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CryptoFortress, a TorrentLocker clone that also encrypts unmapped network shares


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#1 Grinler

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Posted 05 March 2015 - 12:09 PM

Update 3/7/15: It appears that this is just a copycat and not a new version of TorrentLocker. According to a researcher at ESET, the devs behind CryptoFortress just stole the HTML and site layout. See this tweet: https://twitter.com/marc_etienne_/status/573842470691344384

 

A new encrypting ransomware called CryptoFortress was discovered yesterday by security researcher Kafeine that appears to be either a copycat or a new version of TorrentLocker. When looking at the ransom note and decryption site for both CryptoFortress and TorrentLocker the differences between the two appear to be small. On further inspection, though, we have discovered that CryptoFortress includes the new and nasty feature of being able to encrypt files over network shares even if they are not mapped to a drive letter.
 


ransom-note-collapsed.jpg


Normally when a ransomware encrypts your data it does so by retrieving a list of drive letters on a computer and then encrypting any data on them. Therefore any network shares on the same network would be safe as long as they were not mapped to a drive letter. Unfortunately this all changes with CryptoFortress as this ransomware will also attempt to enumerate all open network SMB shares and encrypt any that are found. As you can see from the image below, CryptoFortress is successfully able to encrypt the file test.txt in an open share over SMB on my test network. This new ability changes the threat landscape for all server and network administrators and it is even more important than ever to properly secure your shared folders with strong permissions.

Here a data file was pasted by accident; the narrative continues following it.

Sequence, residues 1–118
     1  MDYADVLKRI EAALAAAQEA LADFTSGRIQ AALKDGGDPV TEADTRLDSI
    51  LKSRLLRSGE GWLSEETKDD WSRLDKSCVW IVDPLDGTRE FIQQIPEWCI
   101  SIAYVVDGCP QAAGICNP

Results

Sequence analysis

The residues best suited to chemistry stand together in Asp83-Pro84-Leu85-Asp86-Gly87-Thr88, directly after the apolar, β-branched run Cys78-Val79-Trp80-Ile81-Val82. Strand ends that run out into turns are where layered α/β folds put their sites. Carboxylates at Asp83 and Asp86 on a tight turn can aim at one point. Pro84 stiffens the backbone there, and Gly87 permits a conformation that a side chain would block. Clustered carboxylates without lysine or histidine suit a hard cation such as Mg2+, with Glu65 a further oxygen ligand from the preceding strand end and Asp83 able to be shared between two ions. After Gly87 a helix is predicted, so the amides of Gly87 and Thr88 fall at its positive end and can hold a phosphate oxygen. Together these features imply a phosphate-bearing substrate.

wireshark-smb.jpg


When CryptoFortress runs it will encrypt your data using RSA encryption and add the .frtrss extension to the end of the encrypted file. In every folder that a file is encrypted, it will also create a ransom note called READ IF YOU WANT YOUR FILES BACK.html. This note, which is shown above, contains links to a TOR Command & Control server where you can find your ransom amount, which is currently 1 bitcoin, and the address it should be sent to. Last, but not least, CryptoFortress will issue the following command to delete all Shadow Volume Copies so you are unable to restore your files from them:
 

vssadmin delete shadows /all /quiet

Without a doubt, encrypting non-mapped network shares makes it a big problem for network administrators. It is now a requirement for backup strategies to use drive rotation rather than rely on persistent attached storage or network shares as your backup medium. This makes cloud backups even a more attractive option as a safe and secure method of backing up your data without being affected by ransomware.

Thanks to Nathan Scott for helping to analyze this infection. You can also find more information about this infection from the analysis by White Hat Mike.